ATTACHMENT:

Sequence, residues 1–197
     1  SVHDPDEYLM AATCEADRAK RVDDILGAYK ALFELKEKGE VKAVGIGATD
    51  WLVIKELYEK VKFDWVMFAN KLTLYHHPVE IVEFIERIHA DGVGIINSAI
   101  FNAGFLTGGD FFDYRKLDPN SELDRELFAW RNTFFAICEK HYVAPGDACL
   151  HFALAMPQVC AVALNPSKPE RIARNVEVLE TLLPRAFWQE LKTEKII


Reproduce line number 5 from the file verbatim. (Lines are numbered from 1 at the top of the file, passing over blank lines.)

   151  HFALAMPQVC AVALNPSKPE RIARNVEVLE TLLPRAFWQE LKTEKII